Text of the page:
Li (surname 郦)

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For other Chinese surnames also romanized as "Li", see Li (surname).
Li (郦)
Pronunciation Lì (Mandarin)
Lik (Cantonese)
Language(s) Chinese
Origin
Language(s) Old Chinese
Word/Name Li state

is the pinyin romanization of the Chinese surname written in traditional character and in simplified character. It is also spelled Lik according to the Cantonese pronunciation. It is listed 303rd in the Song Dynasty classic Hundred Family Surnames.[1]

Origins[edit]

Li is an ancient surname originating from present-day Henan province. According to traditional accounts recorded in the 9th-century Tang Dynasty text Yuanhe Xing Zuan, after Yu the Great founded the Xia Dynasty, he enfeoffed Juan, a descendant of the Yellow Emperor, at the settlement of Li (modern Licheng Village 郦城村, Neixiang County, Henan), establishing the Li state (zh). During the middle Spring and Autumn period, Li was conquered by the Jin state, one of the major powers of the period. The noble families of Li subsequently adopted the name of their former state as their surname.[2][3]

Another origin is the non-Chinese Xirong tribe of Lishan (驪山), who used Lishan as their surname, later shortened to Li.[2][3]

Han Dynasty[edit]

During the Chu–Han Contention, the brothers Li Yiji and Li Shang helped Liu Bang defeat Xiang Yu to establish the Han Dynasty in 206 BC. Li Yiji was a close advisor to Liu Bang but was executed by Liu's enemies when he tried to persuade them to surrender. Li Shang was a great general who became one of the Prime Ministers of Han. He was enfeoffed at Quzhou and awarded the noble title Marquis of Quzhou (曲周侯).[2] Li Shang is commonly revered as the founding ancestor of the Li surname.[2][3]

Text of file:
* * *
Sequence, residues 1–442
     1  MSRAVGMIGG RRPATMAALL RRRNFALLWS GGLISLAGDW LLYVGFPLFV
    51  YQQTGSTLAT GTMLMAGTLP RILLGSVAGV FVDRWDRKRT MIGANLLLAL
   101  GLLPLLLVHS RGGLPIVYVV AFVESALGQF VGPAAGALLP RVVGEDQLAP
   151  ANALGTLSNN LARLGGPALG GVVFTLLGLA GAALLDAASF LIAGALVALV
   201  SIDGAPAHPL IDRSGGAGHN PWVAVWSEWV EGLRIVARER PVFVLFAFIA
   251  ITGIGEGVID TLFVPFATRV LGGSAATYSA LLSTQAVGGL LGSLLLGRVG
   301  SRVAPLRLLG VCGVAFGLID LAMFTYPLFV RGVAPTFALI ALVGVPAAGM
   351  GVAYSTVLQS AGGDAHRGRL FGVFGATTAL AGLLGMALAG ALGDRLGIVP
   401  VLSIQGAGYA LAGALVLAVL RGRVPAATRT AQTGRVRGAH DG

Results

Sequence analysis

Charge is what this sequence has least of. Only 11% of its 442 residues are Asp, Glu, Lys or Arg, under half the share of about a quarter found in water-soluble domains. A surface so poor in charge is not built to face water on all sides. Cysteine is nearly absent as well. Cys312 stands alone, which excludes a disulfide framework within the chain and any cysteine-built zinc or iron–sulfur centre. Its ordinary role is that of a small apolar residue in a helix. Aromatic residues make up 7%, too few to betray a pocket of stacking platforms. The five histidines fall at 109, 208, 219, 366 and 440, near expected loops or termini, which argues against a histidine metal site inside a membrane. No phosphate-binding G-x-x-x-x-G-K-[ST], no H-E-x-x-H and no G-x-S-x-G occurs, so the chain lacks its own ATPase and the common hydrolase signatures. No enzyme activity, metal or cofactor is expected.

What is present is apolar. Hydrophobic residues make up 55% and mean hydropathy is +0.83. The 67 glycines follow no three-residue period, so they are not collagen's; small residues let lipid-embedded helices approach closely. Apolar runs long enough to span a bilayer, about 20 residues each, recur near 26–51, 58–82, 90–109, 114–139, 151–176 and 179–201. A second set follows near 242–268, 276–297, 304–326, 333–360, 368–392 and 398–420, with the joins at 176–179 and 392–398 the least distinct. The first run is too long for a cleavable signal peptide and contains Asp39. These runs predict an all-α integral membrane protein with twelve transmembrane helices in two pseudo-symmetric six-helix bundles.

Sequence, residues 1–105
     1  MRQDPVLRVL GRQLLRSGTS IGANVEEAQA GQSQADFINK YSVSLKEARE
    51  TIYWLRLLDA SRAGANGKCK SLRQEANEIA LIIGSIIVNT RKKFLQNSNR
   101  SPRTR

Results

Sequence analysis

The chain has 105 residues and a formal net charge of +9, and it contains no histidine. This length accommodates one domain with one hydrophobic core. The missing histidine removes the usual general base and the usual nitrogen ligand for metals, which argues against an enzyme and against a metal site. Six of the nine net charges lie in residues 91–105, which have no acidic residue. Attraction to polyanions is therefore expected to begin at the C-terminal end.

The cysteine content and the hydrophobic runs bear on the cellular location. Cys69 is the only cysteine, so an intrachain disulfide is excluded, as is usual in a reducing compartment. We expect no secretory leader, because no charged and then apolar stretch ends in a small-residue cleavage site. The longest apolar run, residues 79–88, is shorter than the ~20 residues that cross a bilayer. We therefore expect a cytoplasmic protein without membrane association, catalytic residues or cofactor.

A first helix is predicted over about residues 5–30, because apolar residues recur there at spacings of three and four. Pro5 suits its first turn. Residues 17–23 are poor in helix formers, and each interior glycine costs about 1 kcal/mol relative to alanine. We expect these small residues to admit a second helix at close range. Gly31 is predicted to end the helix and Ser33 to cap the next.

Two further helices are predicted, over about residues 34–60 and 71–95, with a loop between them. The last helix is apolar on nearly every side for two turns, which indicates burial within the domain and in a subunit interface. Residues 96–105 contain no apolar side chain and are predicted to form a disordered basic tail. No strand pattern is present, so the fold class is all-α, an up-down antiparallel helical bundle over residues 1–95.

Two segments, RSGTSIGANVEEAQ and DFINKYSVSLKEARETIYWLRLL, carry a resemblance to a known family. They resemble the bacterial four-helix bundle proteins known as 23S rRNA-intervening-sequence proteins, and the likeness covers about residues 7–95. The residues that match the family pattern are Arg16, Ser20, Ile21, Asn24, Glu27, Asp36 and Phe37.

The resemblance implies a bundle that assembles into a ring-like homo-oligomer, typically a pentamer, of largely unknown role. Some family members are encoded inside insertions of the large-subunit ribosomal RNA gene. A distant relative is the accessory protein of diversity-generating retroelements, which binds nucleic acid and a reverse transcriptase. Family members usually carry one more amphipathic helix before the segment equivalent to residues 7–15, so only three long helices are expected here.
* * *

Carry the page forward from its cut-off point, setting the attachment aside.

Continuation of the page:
Later history[edit]

During the Jin Dynasty (265–420), the Li clan of Xincai was famously prosperous.[2][3]

At the end of the Northern Song Dynasty, Li Hong (郦洪) was a general fighting the Jurchen invaders. His son, Li Lun (郦伦), served as the governor of Shaoxing (in modern Zhejiang province), and his family lived in nearby Zhuji. After Li Hong died in battle, Li Lun took two of his sons – Li Deyi (郦德一) and Li De'er (郦德二) – to bring his father's body home. On their way back, Li Hong died in Danyang (in modern Jiangsu province). Deyi and De'er buried the bodies of their father and grandfather, and decided to settle down in Danyang to guard their tombs. The Li descendants in both Zhuji and Danyang became prominent clans. By 1927 the genealogy book of the Danyang Li clan had recorded 27 generations.[3]

Notable people[edit]

References[edit]

  1. ^ Hundred Family Surnames.
  2. ^ a b c d e 郦姓探源 [Origin of the Li surname] (in Chinese). Government of Henan. 2011-07-05. Retrieved 2013-11-19. 
  3. ^ a b c d e [Li] (in Chinese). Shangyu City Library. Retrieved 2013-11-19. 
  4. ^ 郦姓名人盘点 [Famous people surnamed Li] (in Chinese). Ta Kung Pao. 2012-04-18. Retrieved 2013-11-19. 
  5. ^ 酈俊厚上月辭世 掃黑他最行 刑警教父一生傳奇